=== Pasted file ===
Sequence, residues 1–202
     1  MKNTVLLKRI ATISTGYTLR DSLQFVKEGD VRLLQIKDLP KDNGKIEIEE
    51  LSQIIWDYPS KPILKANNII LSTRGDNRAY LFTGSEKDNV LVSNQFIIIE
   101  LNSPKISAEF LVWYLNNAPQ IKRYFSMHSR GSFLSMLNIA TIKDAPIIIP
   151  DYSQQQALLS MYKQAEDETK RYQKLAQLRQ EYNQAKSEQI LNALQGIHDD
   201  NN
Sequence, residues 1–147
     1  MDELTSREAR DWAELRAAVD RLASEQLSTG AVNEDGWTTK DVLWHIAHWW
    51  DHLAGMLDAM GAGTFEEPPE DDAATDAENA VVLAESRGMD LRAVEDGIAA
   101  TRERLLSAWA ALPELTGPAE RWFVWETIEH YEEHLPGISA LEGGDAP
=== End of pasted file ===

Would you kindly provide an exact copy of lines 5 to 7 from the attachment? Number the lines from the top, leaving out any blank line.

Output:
   151  DYSQQQALLS MYKQAEDETK RYQKLAQLRQ EYNQAKSEQI LNALQGIHDD
   201  NN
Sequence, residues 1–147